After “The Haunting of Bly Manor,” Mike Flanagan took a break from his obsession to write and direct the horror miniseries “Midnight Mass,” a show that has more in common with “The Midnight Club” than just the word “half.” night” in the title.
Like the characters in “Midnight Club” who brutally face death at a young age, “Midnight Mass” also explores death and how we face it. with fear about it. In one of the series’ most heart-pounding scenes, a character who foresaw his own impending death delivers an eight-minute monologue about what they believe will happen to them when they die. Instead of depicting a traditional afterlife, they show the beauty of death from an atheist’s point of view:
“My brain activity stopped and there was nothing left of me. No pain, no memory, no awareness of who I used to be… I’m broken and all the tiniest pieces of me. just recycled and I’m billions of people in different places. And my atoms are in plants and bugs and animals, and I’m like the stars in the sky. There’s a moment and then just scattering. trash all over the damn universe.”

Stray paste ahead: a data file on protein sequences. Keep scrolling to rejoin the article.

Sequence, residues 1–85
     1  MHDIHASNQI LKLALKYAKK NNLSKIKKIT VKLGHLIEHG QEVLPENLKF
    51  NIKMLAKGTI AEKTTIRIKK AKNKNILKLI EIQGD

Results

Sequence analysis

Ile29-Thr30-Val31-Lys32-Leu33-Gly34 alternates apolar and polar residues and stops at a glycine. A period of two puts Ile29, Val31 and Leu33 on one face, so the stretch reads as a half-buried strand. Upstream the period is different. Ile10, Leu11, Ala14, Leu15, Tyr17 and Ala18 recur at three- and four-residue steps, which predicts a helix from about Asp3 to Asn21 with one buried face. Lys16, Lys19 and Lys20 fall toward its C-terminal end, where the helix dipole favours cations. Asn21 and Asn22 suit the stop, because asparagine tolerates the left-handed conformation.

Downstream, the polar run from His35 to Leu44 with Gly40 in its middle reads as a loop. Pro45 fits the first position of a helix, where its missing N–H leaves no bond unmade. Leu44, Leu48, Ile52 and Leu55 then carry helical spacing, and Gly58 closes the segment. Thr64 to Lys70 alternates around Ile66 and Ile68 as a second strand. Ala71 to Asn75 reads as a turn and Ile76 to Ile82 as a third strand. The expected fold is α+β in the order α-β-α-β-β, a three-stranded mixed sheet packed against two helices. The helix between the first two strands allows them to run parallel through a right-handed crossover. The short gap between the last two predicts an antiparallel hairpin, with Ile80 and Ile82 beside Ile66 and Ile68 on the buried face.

In the “Midnight Club”, the group of kids make an agreement that whichever one of them dies first will try to contact the others from the other side, so brace yourself for more sensational material that Flanagan does very well. But as moving as the speech in “Midnight Mass,” Flanagan knew that younger audiences may not have the patience for long stories – and that lies in the difference between his two “Midnight” shows:
“I’m not going to force ‘The Midnight Club’ viewers into an eight-minute monologue.”
“The Midnight Club” releases October 7, 2022 on Netflix.
https://www.slashfilm.com/991251/the-big-difference-between-midnight-mass-and-the-midnight-club-according-to-mike-flanagan/ The big difference between midnight mass and midnight club, according to Mike Flanagan